Rehab Select Blog

Going Back to Work After an Injury: 5 Things Workers Should Know

Posted by Bobby Stephenson

Nov 13, 2018 8:30:00 AM

Going Back to Work After InjuryA major injury can cause significant disruptions to your life, including your productivity, income capacity, and employment.

While physical recovery may be your primary focus after a medical incident, your re-entrance into the workforce after an absence may also weigh on your mind, especially as you near the end of your recovery period.

Rehab Select offers a comprehensive inpatient rehabilitation program to help you rebuild your strength, stamina, and function while you recover. Your care doesn’t stop once you leave the inpatient program either.

The providers gear your treatment toward optimal recovery so you can safely and efficiently transition back into work. The tips listed here help ease the process and ensure the best possible outcome among you, your employer, and your healthcare team.

1. Adjust Your Expectations

You might not be able to perform the same on-the-job tasks right away. Have a conversation with your doctor and therapists to hear what their expectations are for your recovery. Don’t be afraid to ask questions like:

  • Will I ever be able to perform my duties again?
  • How long do you expect full recovery to take? 
  • What can I do to speed my recovery?
  • What modifications do you recommend?

You may have to maintain part-time hours for a period of time or hand some of your duties off to a colleague. You may also get tired more easily. It’s helpful to get an idea of what to expect to avoid discouragement. 

2. Make Necessary Adjustments

Your doctor and physical therapist may make modification recommendations in your Return to Work forms. You can work with your employer and healthcare providers to make reasonable adjustments so you can perform your job. 

Your providers may give you assistive devices or recommend workspace adjustments to ensure your health and safety. For example, you may need assistance or a wheeled cart to move heavy loads if you’re under weight restrictions.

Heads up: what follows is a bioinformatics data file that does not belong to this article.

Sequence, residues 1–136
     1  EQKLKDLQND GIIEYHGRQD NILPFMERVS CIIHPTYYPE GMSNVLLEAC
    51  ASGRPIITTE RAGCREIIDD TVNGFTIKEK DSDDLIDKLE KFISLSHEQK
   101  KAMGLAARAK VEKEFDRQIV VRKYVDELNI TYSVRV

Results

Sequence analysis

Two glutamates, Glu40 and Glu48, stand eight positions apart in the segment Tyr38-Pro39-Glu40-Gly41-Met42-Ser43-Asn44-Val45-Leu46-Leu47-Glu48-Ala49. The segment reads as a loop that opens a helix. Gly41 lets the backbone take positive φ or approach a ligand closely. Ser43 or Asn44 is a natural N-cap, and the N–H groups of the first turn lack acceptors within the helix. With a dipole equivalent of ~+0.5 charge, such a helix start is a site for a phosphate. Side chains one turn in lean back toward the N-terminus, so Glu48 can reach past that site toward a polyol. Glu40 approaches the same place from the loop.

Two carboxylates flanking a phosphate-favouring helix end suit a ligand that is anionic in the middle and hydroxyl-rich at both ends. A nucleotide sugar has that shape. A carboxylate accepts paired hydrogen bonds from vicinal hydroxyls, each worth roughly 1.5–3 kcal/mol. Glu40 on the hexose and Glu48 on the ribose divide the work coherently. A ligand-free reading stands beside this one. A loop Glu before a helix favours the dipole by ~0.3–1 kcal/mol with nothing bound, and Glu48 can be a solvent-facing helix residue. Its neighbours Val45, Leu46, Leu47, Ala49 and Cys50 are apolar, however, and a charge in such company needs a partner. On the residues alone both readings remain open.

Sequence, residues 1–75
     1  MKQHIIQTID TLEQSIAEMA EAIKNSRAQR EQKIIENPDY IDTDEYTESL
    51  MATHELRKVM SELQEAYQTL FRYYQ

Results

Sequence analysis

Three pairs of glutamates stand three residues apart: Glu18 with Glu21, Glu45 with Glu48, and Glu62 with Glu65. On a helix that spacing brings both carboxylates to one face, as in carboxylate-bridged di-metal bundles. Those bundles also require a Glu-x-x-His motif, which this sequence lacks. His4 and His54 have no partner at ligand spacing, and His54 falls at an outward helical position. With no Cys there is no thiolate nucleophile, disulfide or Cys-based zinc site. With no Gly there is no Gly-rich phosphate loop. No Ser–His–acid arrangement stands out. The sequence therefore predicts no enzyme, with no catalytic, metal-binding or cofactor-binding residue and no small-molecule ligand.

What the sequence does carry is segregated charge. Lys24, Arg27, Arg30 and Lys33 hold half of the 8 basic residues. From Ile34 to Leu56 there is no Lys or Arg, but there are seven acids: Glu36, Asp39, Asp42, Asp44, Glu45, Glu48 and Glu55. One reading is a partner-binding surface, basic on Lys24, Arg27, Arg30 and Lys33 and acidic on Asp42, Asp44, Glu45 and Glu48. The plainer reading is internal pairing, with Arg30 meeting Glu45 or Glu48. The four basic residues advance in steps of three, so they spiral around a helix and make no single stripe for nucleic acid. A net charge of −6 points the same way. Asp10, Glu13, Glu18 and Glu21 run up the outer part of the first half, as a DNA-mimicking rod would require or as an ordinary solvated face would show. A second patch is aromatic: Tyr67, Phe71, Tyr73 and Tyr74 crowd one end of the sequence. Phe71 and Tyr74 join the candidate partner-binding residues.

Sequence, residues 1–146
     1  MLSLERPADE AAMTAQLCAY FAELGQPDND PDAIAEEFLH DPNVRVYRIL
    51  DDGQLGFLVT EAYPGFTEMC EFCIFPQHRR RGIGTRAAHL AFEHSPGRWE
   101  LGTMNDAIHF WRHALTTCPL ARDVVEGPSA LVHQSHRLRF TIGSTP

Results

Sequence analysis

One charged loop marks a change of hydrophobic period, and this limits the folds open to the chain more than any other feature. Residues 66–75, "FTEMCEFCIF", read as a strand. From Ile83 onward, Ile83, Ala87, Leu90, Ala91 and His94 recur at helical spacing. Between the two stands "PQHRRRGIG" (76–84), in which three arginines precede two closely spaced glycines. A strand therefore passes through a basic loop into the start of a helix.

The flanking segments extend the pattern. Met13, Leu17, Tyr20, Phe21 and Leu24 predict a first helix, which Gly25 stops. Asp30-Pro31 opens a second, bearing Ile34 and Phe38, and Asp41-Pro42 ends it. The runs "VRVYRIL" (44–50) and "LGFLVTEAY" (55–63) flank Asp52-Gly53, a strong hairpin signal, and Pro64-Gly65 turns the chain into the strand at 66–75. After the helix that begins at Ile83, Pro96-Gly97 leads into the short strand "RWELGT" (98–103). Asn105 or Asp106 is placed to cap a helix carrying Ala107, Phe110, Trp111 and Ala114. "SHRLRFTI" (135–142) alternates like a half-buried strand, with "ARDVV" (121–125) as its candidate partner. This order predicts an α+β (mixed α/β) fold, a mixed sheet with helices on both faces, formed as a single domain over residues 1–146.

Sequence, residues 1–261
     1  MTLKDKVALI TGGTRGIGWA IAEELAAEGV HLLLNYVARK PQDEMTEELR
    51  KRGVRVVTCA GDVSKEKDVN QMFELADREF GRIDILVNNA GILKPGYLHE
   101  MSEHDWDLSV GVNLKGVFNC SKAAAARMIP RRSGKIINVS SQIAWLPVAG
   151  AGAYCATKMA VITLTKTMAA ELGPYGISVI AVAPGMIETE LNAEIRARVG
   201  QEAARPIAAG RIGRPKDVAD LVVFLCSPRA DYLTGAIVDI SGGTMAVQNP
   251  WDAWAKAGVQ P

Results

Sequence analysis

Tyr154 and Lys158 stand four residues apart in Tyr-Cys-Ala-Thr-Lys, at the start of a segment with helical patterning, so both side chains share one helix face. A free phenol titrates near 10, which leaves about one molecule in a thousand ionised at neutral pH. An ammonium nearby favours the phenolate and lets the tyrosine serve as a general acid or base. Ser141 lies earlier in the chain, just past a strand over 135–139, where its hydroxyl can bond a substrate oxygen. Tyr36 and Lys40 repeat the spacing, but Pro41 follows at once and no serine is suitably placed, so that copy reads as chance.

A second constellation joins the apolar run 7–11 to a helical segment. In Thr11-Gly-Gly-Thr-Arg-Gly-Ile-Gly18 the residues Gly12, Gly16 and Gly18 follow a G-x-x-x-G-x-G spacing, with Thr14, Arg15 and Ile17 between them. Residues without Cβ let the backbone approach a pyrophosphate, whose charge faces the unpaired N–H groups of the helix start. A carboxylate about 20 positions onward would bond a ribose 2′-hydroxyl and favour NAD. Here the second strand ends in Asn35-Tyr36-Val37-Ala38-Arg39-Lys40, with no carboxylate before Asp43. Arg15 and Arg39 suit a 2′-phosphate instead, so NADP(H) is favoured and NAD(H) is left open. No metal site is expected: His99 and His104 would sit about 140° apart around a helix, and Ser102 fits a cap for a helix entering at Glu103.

Your healthcare team and employer have many options to meet you where you are in your recovery and allow you to perform at the best of your ability. 

3. Pace Yourself

You may be tempted to try and do more than your healthcare providers recommend, such as lift heavy objects or work longer hours. On the other hand, you may think you need more rest than you’ve been given after your medical event.

Getting back into your normal routine is often beneficial for your recovery. The physical activity builds momentum behind your recovery and the social aspect restores your interpersonal relationships and sense of self-efficacy.

However, you don’t want to jump into work faster than recommended, even if you feel ready. You may end up re-injuring yourself or causing new problems, which could put you at even more of a disadvantage. Trust your doctor’s guidance and the rate at which they recommend you transition.

4. Take a Cooperative Approach

Your return to work shouldn’t be a battle between you and your employer or set your healthcare team against your workplace. Your return to work benefits everyone, and your employers are often happy to work as a team with you and your medical providers to ensure your safe, skillful return to work.

In fact, in most worker’s compensation and FMLA cases, your employers are legally obligated to restore you to the same or an equivalent position when you return. The laws and responsibilities of both parties are meant to be mutually beneficial.

Your Return to Work plan from your doctor should lay out the exact path you’ll use to reenter the workforce so there are no questions about how or what the transition entails. As long as everyone takes a cooperative approach toward a common goal, everyone involved can reap the most productive outcome.

5. Use Preventive Measures

One of the best ways to protect your health going forward is to take preventive measures against future injury. Prevention helps you avoid ending up in the same situation again or creating a whole new set of problems.

For example, if you had shoulder surgery, you may need to perform daily exercises, wear a sling, and use ergonomic desk equipment to help prevent shoulder problems from recurring. Your doctor and therapists can point out vulnerabilities and teach you how to avoid irritating or further injuring the area.

Your doctor can also help you establish lifestyle habits to promote your overall health and well-being. Rehab Select offers vocational rehabilitationnutritional services, and physical therapy to establish long-term protective benefits as part of the inpatient rehab program.

Whether your medical event involves a worker’s compensation case or long-term disability, the providers at Rehab Select promote your quick, safe return to work. By using the guidelines outlined above and following an inpatient rehab program, you will enjoy a smoother transition returning to work.

Topics: Inpatient Rehab